The SMART error report shows the drive itself should be healthy. Cable speeds were set to SATA2 speeds although the drive is capable of SATA3…chances of marginal cables causing issues are reduced by this, and your testing with same cable pretty much confirms it isn’t a cable issue.

This looks to be more of a software issue, but a question remains as to the cause being part of SATA drivers or something preventing SATA drivers from becoming available when required. There are timeouts associated with many drivers where it is assumed to be an error if the device does not respond fast enough…this seems to be the case. The subtle issue is whether the driver itself causes the problem, or if something else starved out the driver’s ability to run at the time needed to respond fast enough.

On current L4T, a look at /proc/interrupts will show only CPU0 is handling hardware interrupts (on an Intel x86 motherboard all CPUs are listed, but unless the IO-APIC is enabled, only CPU0 will show handling of interrupts…I do not know if Jetson requires something like an IO-APIC to distribute hardware interrupts over all CPUs instead of just CPU0, or if it is just the way the software is designed). Software can use any CPU, but drivers for hardware specifically require CPU0 under current design. These IRQs trigger the driver handling the SATA transfers. If the IRQ does not get serviced quickly enough data will be lost and perhaps show up as a SATA error. With so many things requiring CPU0, the system could be showing signs of “interrupt starvation”. Under current test data, I do not know how to differentiate between a failure of the SATA driver and interrupt starvation.

What comes to mind is first to find out if the SATA driver itself changed from R19.3 to R21.1. If so, there may be information on a known SATA bug which likely would be corrected in a later kernel (this would also be an issue on other architectures, not just ARMv7). If there is an interrupt starvation issue, it is possible changes to CPU performance settings between R19.3 and R21.1 have revealed a weakness in performance settings (and it is known that default CPU performance settings changed between R19 and R21).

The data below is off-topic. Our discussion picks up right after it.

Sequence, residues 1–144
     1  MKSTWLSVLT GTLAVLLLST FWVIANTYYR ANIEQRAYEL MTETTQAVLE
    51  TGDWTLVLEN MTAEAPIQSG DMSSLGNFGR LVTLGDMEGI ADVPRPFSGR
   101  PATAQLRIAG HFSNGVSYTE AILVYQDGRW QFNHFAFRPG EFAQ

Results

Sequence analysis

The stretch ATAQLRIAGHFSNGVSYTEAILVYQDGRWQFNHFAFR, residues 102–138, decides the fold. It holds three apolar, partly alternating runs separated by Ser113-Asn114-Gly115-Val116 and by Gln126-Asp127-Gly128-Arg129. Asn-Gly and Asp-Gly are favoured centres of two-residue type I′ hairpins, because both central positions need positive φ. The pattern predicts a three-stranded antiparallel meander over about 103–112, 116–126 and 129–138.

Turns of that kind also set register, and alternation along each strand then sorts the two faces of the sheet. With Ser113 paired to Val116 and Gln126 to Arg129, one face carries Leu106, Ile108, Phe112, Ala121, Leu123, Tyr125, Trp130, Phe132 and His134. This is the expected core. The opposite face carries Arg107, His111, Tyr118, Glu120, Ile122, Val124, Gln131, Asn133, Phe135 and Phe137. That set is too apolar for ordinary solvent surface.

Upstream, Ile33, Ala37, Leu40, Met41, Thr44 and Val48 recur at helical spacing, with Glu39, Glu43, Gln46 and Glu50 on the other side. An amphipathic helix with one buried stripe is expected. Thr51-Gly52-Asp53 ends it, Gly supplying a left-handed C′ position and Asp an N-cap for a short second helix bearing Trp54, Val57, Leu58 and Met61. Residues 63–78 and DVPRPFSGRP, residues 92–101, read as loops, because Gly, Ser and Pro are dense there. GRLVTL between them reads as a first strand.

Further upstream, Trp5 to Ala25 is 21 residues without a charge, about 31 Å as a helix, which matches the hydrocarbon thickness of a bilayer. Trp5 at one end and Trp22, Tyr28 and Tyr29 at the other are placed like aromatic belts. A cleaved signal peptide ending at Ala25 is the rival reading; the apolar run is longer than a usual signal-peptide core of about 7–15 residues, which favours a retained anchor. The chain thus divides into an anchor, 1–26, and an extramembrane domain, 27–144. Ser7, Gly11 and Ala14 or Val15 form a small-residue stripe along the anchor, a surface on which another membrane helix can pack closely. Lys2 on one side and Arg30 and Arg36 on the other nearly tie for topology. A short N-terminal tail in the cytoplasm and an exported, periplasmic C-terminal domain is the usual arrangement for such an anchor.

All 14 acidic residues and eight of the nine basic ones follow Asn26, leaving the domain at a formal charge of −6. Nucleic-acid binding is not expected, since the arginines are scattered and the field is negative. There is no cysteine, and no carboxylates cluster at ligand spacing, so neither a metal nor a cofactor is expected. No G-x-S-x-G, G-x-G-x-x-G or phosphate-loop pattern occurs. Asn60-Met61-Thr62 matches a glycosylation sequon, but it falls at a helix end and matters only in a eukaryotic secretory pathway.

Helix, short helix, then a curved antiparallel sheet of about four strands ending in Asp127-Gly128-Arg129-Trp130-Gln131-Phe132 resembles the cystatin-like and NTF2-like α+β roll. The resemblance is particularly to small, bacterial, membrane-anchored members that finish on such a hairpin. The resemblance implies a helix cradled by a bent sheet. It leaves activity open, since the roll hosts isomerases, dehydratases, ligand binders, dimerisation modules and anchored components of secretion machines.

Performance settings can be tested. I do not know of all of the CPU performance setting differences, but it should be possible to find out what change in /sys would cause your R19 to have R21 default performance settings; plus the corollary, how to use /sys in R21 to make it look like R19 performance settings. Should changes to R19 features within R21 make R21 work correctly, or should changes in R19 settings to R21 behavior cause R19 to fail, you will know a workaround and also if the issue “is” interrupt starvation. If CPU performance settings do not answer this, it does not necessarily mean the issue is not interrupt starvation, it only means the starvation is not a CPU performance setting. These settings though are high on the list of suspects since they can directly change how fast CPU0 will service interrupts.

So here is a question for other people in the forums…what can be echoed to files in /sys to make R19 have the same CPU performance settings as R21? What settings in R21 can be changed via echo in /sys to make R21 look like R19 CPU performance? With this there is a way to continue testing.